Edward W. North
|31st Mayor of Charleston|
|Preceded by||Henry L. Pinckney|
|Succeeded by||Robert Y. Hayne|
|Died||May 15, 1843|
|Spouse(s)||Arabella Ann Dart (m. 1826)|
|Alma mater||University of Pennsylvania (1797)|
Edward W. North was the twenty-first mayor of Charleston, South Carolina, serving three consecutive terms from 1833 to 1836.
North was born in 1778 and died on May 15, 1843. He is buried at Saint Johns Lutheran Church Cemetery in Charleston, South Carolina.
Charleston is the largest city in the U.S. state of South Carolina, the county seat of Charleston County, and the principal city in the Charleston–North Charleston–Summerville Metropolitan Statistical Area. The city lies just south of the geographical midpoint of South Carolina's coastline on Charleston Harbor, an inlet of the Atlantic Ocean formed by the confluence of the Ashley, Cooper, and Wando rivers. Charleston had an estimated population of 137,566 as of latest U.S. Census estimate in 2019. The estimated population of the Charleston metropolitan area, comprising Berkeley, Charleston, and Dorchester counties, was 802,122 residents as of July 1, 2019, the third-largest in the state and the 74th-largest metropolitan statistical area in the United States.
Edward Rutledge was an American politician and youngest signatory of the United States Declaration of Independence. He later served as the 39th Governor of South Carolina.
Richard Hutson was an American lawyer, judge, and politician from Charleston, South Carolina. He was born in June 1747 to Rev. William Hutson and Mary Hutson. His family moved to Charleston in 1756 when his father was the pastor at the Circular Congregational Church. After having been educated in Charleston as a child, he attended Princeton.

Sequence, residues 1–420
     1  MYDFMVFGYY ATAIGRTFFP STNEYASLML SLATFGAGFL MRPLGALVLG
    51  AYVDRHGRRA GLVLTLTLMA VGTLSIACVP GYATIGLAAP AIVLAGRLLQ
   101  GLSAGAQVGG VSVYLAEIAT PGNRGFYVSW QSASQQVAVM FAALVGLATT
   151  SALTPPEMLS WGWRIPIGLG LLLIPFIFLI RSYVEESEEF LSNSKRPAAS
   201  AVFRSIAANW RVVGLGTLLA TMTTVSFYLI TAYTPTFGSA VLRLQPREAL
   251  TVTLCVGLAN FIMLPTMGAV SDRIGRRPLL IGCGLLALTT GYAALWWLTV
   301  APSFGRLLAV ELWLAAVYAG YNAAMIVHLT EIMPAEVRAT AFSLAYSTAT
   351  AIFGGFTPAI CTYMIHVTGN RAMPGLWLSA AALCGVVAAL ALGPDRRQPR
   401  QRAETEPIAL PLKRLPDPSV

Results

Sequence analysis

Marion Square is greenspace in downtown Charleston, South Carolina, spanning six and one half acres. The square was established as a parade ground for the state arsenal under construction on the north side of the square. It is best known as the former Citadel Green because The Citadel occupied the arsenal from 1843 until 1922, when the Citadel moved to the city's west side. Marion Square was named in honor of Francis Marion.
The 1st North Carolina Regiment of the Continental Army was raised on September 1, 1775, at Wilmington, North Carolina. In January 1776 the organization contained eight companies. Francis Nash was appointed colonel in April 1776. The regiment was present at the defense of Charleston in 1776. It transferred from the Southern Department to George Washington's main army in February 1777. At that time, Thomas Clark became colonel of the 1st Regiment. The regiment became part of General Francis Nash's North Carolina Brigade in July.
The 2nd North Carolina Regiment was an American infantry unit that was raised for the Continental Army during the American Revolutionary War. In 1776 the regiment helped defend Charleston, South Carolina. Ordered to join George Washington's main army in February 1777, the regiment subsequently fought at Brandywine and Germantown during the Philadelphia Campaign. After most other North Carolina regiments were sent home to recruit, the 1st and 2nd Regiments remained with the main army and fought at Monmouth in June 1778. The regiment was transferred to the Southern Department and was captured by the British army in May 1780 at the Siege of Charleston. Together with the 1st Regiment, the unit was rebuilt and fought capably at Eutaw Springs. The 2nd was furloughed in April 1783 and officially dissolved in November 1783.